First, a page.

Understanding Animations in Flutter

Meysam Mahfouzi
10 min readApr 21, 2019

If we want to animate something, we have to either change the size or change the position of our object in consecutive frames. e.g. in frame 1 our object is in position x, in frame 2 it will be in position x+1, in frame 3 it’d be in position x+2 and so on.

Another concept when creating an animation is “frames per second” or FPS. How many times do we want to change the position or size of our object per second? Movies usually use 24 frames per second. That’s the minimum number of FPS where animations seem smooth and natural to human eyes.

FPS (image credit)

In order to animate a widget in Flutter, we need the following widgets:

  1. Animation<T>: An animation object consists of a value (of type T) together with a status. The value is like the current frame number. It tells you whether you are in frame 1, 2, 3, etc. Depending on this value, you decide the next position or size of your widget. The status indicates whether the animation is conceptually running from beginning to end or from the end back to the beginning.
  2. AnimationController: To create an animation, first create an AnimationController. This widget linearly produces values that range from 0.0 (lower bound) to 1.0 (upper bound), during a given duration. The animation controller generates a new value whenever the device running your app is ready to display a new frame (typically, this rate is around 60 values per second). An AnimationController should be disposed when it is no longer needed. This reduces the likelihood of leaks. When used with a StatefulWidget, it is common for an AnimationController to be created in the State.initState method and then disposed in the State.dispose method. Note that the AnimationController inherits the Animation class and therefore is of type Animation.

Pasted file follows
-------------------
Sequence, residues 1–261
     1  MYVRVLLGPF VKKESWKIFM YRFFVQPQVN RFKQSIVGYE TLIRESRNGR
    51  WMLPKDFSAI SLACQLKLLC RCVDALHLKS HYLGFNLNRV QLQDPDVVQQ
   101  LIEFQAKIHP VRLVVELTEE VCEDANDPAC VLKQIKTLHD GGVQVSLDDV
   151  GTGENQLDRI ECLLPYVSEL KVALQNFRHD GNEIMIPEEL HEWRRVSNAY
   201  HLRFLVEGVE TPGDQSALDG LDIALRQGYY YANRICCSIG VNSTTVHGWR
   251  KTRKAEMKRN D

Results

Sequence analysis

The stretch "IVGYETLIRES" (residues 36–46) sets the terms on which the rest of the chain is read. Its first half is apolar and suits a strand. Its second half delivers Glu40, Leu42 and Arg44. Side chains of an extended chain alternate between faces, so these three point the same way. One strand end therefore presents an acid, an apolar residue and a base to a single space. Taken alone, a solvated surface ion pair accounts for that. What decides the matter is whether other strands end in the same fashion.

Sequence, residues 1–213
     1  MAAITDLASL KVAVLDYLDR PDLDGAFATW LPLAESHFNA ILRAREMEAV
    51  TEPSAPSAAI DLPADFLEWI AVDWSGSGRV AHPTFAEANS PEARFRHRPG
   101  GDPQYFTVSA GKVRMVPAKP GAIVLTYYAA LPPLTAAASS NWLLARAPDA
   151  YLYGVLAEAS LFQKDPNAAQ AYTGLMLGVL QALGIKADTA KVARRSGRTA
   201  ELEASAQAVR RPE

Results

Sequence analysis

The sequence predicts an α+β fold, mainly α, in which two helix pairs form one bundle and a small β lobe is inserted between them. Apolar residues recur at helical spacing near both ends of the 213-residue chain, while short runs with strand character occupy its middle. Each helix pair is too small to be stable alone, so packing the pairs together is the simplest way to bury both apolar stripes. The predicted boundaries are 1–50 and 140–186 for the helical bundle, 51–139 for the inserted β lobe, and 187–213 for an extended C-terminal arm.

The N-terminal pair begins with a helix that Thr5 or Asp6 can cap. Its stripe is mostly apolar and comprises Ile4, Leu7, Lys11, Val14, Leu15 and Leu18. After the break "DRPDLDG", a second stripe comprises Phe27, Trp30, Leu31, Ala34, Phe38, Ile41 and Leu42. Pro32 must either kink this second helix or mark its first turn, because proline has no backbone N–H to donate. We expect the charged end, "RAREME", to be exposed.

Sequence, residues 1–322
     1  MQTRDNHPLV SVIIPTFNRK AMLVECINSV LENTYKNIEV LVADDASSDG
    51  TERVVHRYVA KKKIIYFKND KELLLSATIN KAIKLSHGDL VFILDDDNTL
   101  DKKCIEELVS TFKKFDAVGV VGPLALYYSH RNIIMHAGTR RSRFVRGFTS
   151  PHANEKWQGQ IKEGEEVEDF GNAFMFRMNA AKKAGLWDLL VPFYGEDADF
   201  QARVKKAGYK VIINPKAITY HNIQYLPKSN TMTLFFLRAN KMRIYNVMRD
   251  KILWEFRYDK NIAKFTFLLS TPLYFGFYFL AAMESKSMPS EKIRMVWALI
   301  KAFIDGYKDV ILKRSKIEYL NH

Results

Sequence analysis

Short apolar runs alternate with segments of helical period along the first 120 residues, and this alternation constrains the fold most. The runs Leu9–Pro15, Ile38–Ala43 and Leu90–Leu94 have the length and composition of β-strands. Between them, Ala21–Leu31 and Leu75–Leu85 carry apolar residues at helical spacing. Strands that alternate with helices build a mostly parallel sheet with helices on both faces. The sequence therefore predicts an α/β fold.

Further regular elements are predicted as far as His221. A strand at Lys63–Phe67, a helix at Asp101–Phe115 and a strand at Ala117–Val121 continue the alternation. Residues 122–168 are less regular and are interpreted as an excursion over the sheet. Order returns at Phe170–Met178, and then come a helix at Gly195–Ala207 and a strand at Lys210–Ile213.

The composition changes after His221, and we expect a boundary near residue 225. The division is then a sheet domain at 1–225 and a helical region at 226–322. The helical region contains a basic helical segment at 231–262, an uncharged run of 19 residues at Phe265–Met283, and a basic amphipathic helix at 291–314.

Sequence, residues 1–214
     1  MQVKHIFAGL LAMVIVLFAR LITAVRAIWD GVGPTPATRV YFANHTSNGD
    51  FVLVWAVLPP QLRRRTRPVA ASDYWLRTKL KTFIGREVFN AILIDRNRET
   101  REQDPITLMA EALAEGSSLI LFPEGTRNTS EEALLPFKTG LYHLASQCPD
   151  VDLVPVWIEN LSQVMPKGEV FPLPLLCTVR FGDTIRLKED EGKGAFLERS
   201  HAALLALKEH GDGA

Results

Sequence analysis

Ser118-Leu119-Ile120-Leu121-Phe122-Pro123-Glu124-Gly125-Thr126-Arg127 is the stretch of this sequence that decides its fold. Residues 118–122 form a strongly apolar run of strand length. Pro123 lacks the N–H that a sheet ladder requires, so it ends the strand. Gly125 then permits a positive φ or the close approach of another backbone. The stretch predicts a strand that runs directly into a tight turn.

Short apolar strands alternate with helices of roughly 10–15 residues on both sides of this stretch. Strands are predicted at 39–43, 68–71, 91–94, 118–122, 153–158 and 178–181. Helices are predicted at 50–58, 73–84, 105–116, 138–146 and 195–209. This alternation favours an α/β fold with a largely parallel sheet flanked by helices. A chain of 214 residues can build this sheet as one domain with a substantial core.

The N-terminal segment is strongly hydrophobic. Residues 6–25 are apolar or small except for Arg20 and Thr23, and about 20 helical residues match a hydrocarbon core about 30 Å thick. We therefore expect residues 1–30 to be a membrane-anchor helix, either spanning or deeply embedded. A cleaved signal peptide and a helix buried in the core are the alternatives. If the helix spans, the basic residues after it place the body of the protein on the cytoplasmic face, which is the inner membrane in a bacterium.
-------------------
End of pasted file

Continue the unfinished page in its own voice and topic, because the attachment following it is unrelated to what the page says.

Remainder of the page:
3. Tween: This class can be used to translate (or map) the lower bound and upper bound of AnimationController (which is by default from 0.0 to 1.0) to values from begin to end. Tween is by default of type double unless otherwise stated. The sole job of a Tween is to define a mapping from an input range to an output range. The input range is commonly 0.0 to 1.0, but that’s not a requirement.
  4. TickerProvider: This is a factory that generates Ticker objects. A Ticker object fires an event for every new frame. The…